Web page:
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We live in a world of systemic evil. Asian and Latin American drug cartels produce and transport their merchandise with impunity because they have bought off or killed the public officials who would stop them and the journalists who would expose them. On the other side of the world, corner dealers battle for turf to sell to the wretched addicts who stumble and sleep on the sidewalks of American cities. Sex traffickers in Thailand entice vulnerable girls and boys into sex slavery and bribe politicians to turn a blind eye, as they sell perverse fantasies to thousands of wealthy Western sex tourists. Pharmaceutical companies conduct drug trials on unsuspecting Africans and collude with health regulators to cover their tracks. For most of our history, the United States deprived blacks of liberty, dignity, and political and legal rights.

Such injustices can’t be resolved by moral exhortation or by rescuing individuals, as important as exhortation and rescue are. Global systems are organized for the benefit of greedy brutes, and justice won’t be done until these systems are demolished. This is what creation longs for:

May the sea roar and all it contains,
The world and those who dwell in it.
May the rivers clap their hands,
May the mountains sing together for joy
Before Yahweh, for he is coming to judge the earth;
He will judge the world with righteousness
And the peoples with fairness (Ps. 98).

From Abraham on, the promise of justice is integral to Israel’s Messianic hope. “I have chosen Abraham,” Yahweh says on the day he announces Isaac’s birth to Sarah and discloses the fate of Sodom, “that he may command his children and his household after him to keep the way of the Lord by doing righteousness and justice” (Gen. 18:19). Abraham’s household is the anti-Sodom, a people that escapes the fire from heaven because it welcomes strangers instead of sodomizing them. Under the monarchy, Israel’s hope for justice focuses on a Davidic king who will judge the afflicted, save the needy, and crush the oppressor until justice falls like rain on mown grass (Ps. 72). Israel hopes for a king whose justice will brighten the fields like dawn after a night rain (2 Sam. 23:1–7), a king on Yahweh’s throne in Zion who will shatter murmuring nations like pottery (Ps. 2).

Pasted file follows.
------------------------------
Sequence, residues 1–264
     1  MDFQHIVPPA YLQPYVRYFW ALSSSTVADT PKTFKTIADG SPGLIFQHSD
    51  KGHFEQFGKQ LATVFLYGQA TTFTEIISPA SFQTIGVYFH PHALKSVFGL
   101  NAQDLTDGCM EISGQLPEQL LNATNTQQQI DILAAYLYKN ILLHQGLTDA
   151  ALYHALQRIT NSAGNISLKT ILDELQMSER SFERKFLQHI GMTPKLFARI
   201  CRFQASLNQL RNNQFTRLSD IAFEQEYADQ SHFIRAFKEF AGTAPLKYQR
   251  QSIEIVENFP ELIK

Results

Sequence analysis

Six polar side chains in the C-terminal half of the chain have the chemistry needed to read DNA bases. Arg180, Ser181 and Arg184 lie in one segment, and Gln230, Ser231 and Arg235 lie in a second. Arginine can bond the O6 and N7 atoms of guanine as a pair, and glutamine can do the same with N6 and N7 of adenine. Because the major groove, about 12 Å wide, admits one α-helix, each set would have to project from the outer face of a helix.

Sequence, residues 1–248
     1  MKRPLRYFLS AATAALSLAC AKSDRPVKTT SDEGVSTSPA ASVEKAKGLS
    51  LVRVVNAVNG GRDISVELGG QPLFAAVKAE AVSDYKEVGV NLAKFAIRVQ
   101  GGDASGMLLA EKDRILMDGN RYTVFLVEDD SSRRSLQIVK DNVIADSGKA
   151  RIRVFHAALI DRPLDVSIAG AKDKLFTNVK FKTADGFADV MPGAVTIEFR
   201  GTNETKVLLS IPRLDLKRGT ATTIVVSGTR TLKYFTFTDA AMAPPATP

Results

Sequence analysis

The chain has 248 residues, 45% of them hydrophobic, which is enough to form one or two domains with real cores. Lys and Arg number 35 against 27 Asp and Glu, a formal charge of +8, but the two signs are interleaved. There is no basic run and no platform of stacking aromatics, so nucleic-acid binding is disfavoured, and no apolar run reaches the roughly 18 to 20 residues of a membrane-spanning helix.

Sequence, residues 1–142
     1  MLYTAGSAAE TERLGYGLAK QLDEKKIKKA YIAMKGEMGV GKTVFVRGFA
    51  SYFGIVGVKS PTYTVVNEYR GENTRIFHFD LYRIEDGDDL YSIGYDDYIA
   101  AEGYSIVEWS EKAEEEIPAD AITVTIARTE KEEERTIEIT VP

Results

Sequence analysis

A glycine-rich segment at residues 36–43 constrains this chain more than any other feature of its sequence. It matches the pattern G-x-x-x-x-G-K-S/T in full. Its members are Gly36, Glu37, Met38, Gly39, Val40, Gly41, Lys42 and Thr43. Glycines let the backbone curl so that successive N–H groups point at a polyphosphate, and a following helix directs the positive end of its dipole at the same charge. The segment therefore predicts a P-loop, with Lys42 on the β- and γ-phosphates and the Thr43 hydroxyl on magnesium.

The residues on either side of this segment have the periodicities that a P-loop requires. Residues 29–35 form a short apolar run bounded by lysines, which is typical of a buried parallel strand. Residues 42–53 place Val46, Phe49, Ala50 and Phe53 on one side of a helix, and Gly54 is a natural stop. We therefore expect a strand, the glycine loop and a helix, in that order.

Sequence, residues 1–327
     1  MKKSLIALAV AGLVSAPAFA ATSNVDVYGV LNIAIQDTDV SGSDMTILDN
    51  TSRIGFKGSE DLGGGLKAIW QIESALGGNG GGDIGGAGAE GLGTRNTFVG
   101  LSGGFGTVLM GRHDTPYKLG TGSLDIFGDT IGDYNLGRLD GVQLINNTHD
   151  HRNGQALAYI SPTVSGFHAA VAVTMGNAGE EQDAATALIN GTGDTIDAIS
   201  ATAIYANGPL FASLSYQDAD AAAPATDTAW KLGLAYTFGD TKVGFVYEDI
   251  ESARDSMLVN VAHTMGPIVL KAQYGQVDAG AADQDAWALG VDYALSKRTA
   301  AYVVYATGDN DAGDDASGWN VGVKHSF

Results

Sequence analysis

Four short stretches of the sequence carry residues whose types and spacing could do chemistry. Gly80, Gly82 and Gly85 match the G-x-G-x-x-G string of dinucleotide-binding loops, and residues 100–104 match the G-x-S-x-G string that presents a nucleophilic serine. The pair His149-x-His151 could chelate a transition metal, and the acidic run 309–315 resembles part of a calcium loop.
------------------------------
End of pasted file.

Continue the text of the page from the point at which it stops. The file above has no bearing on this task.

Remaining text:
The monarchy ends in disaster, as Judah becomes another Sodom (Isa. 1). Yet the prophets hold out hope for an Abrahamic house of justice, ruled by a new David. “Unto us a child is born, unto us a son is given,” Isaiah prophesies, and this royal child will establish the kingdom with justice and righteousness (Isa. 9). Girded with the belt of justice, the shoot from the stump of Jesse will be filled with the Spirit of wisdom to judge the poor and afflicted and to bring peace to God’s holy mountain (Isa. 11). Anointed with the Spirit, the royal Servant of Yahweh perseveres until he establishes justice in the earth (Isa. 42).

These are the hopes that animate Zecharias, who sings of God’s promise to Abraham and looks for deliverance from enemies, so Israel can live in justice and holiness (Luke 1:67–79). It’s the hope that inspires the Magnificat, Mary’s hymn of revolution:

For he that is mighty hath done to me great things; and holy is his name.
And his mercy is on them that fear him from generation to generation.
He hath shewed strength with his arm; he hath scattered the proud in the imagination of their hearts.
He hath put down the mighty from their seats, and exalted them of low degree.
He hath filled the hungry with good things; and the rich he hath sent empty away.
He hath helped his servant Israel, in remembrance of his mercy;
As he spake to our fathers, to Abraham, and to his seed for ever (Luke 1:49–55). 

Advent commemorates, celebrates, and kindles hope for the justice of God. King Jesus has come and his Father has raised him to Zion’s throne to reign with a rod of iron until his enemies are made his footstool (1 Cor. 15:25; cf. Ps. 110). The promise of Advent is the promise of public justice. Advent announces the coming of the Lord who breaks the arms of the sex traffickers, the drug lords, the arms dealers, and all their respectable collaborators. It’s the hope that God will overturn worlds built on oppression and violence, and will rescue and raise up their victims.

The only good news that meets the needs of the world is the good news of God’s judgment. That’s the gospel of Advent, the joy to which the angels of Advent summon us: Rejoice! Shout joyfully! For the Lord comes to judge the earth. He has come; he will come; he will judge the world in justice and all the peoples with equity.

Peter J. Leithart is President of Theopolis Institute.

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